Current HIV/AIDS Reports

, Volume 4, Issue 3, pp 114–118

Managing HIV peripheral neuropathy

  • Alejandra Gonzalez-Duarte
  • Katia Cikurel
  • David M. Simpson

DOI: 10.1007/s11904-007-0017-6

Cite this article as:
Gonzalez-Duarte, A., Cikurel, K. & Simpson, D.M. Curr HIV/AIDS Rep (2007) 4: 114. doi:10.1007/s11904-007-0017-6


Peripheral nerve disorders are frequent complications of HIV disease. Distal symmetrical polyneuropathy (DSP) is the most common peripheral nerve disorder associated with HIV and occurs in over one third of infected patients but may occur in up to 67% if asymptomatic patients are included. Risk factors for DSP include increased age, advanced HIV disease, and history of “d-drugs” or other neurotoxic drugs. The primary manifestations of polyneuropathy are slowly progressive numbness and paresthesias, with burning sensations in the feet usually in a symmetrical pattern. The etiology of HIV-associated DSP is unknown, although neurotoxic effects of cytokines, toxicity of HIV proteins, and mitochondrial damage have been implicated. The current treatment for HIV-associated DSP is symptomatic, with pain modifying medications, including anti-inflammatory agents, opioids, antidepressants, antiepileptics, topical anesthetics, and capsaicin. Sustained virologic control may improve DSP. Novel therapies such as acetyl-l-carnitine or neurotrophic factors are being studied for treatment of DSP.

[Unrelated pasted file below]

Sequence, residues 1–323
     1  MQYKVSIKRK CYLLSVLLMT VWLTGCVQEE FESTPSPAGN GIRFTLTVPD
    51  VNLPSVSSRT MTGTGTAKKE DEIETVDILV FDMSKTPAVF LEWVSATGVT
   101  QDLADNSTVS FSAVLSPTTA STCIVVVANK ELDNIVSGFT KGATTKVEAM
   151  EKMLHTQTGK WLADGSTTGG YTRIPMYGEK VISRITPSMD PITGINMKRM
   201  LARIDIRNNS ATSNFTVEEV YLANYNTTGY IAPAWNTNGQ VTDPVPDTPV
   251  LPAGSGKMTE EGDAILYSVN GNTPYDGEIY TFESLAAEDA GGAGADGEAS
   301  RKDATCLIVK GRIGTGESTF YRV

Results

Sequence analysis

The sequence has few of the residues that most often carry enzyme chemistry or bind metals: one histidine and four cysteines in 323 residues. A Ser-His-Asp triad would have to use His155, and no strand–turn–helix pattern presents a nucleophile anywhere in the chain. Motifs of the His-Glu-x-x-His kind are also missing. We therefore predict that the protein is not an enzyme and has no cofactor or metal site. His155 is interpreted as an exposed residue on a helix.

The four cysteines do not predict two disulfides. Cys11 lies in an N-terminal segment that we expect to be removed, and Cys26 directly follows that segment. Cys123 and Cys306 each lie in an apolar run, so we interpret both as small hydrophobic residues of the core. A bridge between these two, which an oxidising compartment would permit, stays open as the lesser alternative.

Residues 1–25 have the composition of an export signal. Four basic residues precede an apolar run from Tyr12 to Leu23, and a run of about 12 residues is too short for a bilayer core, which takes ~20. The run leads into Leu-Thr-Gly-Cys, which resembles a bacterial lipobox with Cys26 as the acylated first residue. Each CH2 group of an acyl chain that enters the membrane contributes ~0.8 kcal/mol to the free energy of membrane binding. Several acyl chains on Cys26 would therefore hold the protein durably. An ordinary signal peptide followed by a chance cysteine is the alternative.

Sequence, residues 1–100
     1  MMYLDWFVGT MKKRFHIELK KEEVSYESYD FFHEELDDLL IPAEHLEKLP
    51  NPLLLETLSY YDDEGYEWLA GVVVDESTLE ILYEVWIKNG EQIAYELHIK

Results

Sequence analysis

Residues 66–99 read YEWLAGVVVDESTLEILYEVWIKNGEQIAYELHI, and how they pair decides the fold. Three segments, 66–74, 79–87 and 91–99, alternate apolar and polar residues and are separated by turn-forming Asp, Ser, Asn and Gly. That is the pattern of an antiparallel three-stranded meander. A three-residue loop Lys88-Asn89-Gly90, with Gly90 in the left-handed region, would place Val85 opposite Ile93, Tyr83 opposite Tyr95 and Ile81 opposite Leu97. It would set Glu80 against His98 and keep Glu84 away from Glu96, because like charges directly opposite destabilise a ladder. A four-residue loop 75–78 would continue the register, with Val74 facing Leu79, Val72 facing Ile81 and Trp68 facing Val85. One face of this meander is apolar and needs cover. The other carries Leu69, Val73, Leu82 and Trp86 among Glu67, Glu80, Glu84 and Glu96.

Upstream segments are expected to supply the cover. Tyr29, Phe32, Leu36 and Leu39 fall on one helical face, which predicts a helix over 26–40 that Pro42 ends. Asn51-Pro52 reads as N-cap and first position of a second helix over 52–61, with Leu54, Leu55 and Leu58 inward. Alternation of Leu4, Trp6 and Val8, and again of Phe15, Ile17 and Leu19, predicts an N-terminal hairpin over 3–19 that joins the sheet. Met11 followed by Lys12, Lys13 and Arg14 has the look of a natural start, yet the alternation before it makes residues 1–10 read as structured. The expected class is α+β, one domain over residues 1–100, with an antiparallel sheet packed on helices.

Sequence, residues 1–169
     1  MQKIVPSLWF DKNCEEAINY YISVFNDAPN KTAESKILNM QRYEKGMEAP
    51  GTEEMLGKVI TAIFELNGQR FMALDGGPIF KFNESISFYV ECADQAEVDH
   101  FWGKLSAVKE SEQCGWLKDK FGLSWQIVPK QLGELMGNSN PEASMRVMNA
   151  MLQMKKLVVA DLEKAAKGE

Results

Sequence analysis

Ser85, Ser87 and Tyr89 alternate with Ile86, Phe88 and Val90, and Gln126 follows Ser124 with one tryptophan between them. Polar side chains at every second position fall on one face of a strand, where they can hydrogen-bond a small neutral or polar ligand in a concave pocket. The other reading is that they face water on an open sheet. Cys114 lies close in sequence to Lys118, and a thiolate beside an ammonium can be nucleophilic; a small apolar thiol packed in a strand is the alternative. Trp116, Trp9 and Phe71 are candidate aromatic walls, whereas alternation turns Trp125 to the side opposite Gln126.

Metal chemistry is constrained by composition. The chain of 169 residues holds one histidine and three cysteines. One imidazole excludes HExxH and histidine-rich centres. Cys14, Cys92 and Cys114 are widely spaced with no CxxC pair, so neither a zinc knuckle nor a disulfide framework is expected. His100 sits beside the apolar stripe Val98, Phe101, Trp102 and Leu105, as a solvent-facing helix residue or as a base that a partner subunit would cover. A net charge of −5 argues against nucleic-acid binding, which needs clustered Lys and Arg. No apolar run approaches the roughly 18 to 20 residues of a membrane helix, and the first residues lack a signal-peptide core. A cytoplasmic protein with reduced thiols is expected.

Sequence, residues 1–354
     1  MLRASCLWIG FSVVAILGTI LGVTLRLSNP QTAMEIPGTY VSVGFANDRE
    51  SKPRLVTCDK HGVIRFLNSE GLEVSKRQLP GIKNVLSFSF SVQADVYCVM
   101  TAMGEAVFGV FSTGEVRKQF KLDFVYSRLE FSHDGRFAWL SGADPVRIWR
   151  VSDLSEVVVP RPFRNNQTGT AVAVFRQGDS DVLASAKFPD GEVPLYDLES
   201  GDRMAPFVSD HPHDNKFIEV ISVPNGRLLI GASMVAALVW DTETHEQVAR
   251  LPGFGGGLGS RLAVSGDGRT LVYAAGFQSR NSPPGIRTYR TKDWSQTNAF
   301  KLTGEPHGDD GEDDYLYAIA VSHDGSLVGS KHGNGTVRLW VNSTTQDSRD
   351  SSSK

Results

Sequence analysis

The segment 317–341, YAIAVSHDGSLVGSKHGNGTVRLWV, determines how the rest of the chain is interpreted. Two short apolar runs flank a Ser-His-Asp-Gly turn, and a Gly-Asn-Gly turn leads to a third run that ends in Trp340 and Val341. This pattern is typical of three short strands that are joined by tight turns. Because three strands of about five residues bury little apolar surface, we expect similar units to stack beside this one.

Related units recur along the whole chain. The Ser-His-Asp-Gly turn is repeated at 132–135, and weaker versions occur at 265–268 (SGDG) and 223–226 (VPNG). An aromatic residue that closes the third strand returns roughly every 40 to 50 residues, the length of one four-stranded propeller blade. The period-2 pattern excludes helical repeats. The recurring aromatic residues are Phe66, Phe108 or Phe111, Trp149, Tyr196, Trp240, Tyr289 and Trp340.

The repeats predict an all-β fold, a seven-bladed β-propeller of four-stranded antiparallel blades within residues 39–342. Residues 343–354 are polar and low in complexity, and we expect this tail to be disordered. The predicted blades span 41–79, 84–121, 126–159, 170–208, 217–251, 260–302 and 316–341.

Copyright information

© Current Medicine Group LLC 2007

Authors and Affiliations

  • Alejandra Gonzalez-Duarte
  • Katia Cikurel
  • David M. Simpson
    • 1
  1. 1.Department of Clinical NeurophysiologyMount Sinai School of MedicineNew YorkUSA